‘Naive’ – Western United concede stadium mistake as they eye new home ground for next season

Western United chairman Jason Sourasis has admitted the A-League Men club were “naive” to declare they would be able to build a new stadium within two years of their inception.

The Victorian side, currently in their third season of competition, joined the A-Leagues after a bid that was centred heavily around the promise of building their own facilities. 

Three years on though and Western remain without a home stadium with construction in Tarneit only beginning in March this year. 

Sourasis conceded the club jumped the gun with their stadium timeline but believes they are now on the cusp of making real progress. 

“Ultimately, publicly, we shouldn’t have come out with anything,” Sourasis told the Football From A to Z podcast. 

“The previous management came out and said, ‘You know what, if we had a piece of land right now and were building on it, it would take two years to build’.

“That was correct. But to put it in a bid document and make public statements around it was wrong because ultimately we had a piece of land that was zoned ‘rural’. There’s nothing on it other than cows eating grass. You can’t build anything on it.

“We came out and I’m not blaming anyone…but I think it was a bit naive to come out and say it’s two years to build a stadium.

“Yeah it is if you have electricity, hot water, gas, roads, services to build a stadium. Whereas this is a city centre we’re building…there was no water, no gas, no electricity, no roads, no permit approval.

“The state government then stepped in saying, ‘We don’t want Wyndham approving their own deal’ so then they added another hurdle. So when we had that land approved, then we had to go to state government to formally approve which took another six to 12 months.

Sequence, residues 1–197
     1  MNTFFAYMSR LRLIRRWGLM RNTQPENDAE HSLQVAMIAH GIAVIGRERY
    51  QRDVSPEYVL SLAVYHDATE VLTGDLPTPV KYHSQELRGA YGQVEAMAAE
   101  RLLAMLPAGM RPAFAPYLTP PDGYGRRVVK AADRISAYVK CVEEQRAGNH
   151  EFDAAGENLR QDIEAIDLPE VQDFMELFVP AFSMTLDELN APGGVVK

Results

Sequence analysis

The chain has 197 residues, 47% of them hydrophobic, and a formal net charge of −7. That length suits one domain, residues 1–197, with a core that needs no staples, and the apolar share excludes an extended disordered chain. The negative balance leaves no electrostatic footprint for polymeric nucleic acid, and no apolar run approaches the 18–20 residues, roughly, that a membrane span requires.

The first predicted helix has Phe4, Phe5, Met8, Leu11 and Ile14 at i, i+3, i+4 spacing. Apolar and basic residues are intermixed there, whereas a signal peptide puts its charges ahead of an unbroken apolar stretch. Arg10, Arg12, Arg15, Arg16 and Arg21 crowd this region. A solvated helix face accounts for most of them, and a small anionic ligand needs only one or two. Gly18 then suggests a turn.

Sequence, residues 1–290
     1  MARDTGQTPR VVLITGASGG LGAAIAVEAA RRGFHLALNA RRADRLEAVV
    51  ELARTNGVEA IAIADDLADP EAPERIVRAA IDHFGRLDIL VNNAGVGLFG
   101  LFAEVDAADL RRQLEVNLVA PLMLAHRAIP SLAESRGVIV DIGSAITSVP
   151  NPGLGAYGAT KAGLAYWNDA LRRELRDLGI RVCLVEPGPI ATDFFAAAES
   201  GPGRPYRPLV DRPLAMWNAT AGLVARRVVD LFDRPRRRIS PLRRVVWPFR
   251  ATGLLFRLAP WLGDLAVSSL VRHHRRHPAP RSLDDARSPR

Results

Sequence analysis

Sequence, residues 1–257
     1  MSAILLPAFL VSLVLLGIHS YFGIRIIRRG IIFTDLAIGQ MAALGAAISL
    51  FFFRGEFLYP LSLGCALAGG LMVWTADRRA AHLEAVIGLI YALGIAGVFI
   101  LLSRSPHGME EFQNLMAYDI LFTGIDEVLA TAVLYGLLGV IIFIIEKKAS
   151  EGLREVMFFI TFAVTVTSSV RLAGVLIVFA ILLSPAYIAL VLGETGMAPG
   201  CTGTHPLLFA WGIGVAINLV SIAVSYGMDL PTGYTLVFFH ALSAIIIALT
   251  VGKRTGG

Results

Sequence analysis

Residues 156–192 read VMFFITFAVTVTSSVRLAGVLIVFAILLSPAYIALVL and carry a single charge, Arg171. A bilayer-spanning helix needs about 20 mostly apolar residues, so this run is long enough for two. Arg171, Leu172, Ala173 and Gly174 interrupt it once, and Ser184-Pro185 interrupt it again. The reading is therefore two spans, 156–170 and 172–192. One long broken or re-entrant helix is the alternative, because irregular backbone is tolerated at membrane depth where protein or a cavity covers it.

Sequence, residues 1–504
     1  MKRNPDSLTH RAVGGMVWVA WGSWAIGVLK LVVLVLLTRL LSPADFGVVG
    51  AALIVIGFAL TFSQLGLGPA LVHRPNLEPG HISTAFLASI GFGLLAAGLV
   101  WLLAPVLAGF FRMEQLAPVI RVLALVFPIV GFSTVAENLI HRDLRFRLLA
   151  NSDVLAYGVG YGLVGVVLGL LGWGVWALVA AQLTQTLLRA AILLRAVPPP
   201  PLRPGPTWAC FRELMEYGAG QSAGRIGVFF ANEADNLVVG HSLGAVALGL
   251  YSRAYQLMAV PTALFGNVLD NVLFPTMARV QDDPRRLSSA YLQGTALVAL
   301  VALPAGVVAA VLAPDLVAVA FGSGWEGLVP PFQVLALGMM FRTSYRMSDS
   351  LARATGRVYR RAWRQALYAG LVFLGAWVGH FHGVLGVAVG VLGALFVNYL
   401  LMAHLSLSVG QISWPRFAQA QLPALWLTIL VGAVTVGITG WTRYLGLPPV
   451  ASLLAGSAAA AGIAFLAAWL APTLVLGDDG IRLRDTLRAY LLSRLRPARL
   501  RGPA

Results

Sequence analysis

“From now, I’m happy to say it’s two years to build a stadium because we’re spending money on the roads, on the services, we’ve actually got planning approval. We’re full steam ahead now.”

While Western United have quickly performed well on the field and are chasing a maiden title this season, they have struggled to attract big crowds with their games played across a handful of different venues. 

Sourasis is hopeful the club could have a home ground of sorts ready sometime next season as Western look to make the most of their own training facilities. 

“We’ve got 9,000 members and we are nomads. We’ve played in Tassie, Ballarat, Western Oval, Marvel, AAMI, get kicked out of AAMI, get told to go to South Melbourne by the state government and then kicked out of South Melbourne,” he said.

“There’s no rectangular stadiums in the state…we’ll be playing out of our own rectangular stadium half way through or towards the end of next season or the season after.

“We’re building a 5,000-seat rectangular stadium in our elite training facilities that can still house an A-League game.

“My mentality and our board’s mentality is that I’d rather pack out a 5,000-seat rectangular stadium than play at a 40,000-seat oval stadium and have 5,000 people there.”  

Western United next face Central Coast Mariners in the A-League Men in Gosford on Saturday afternoon where a win would take them top of the table with two games remaining. 

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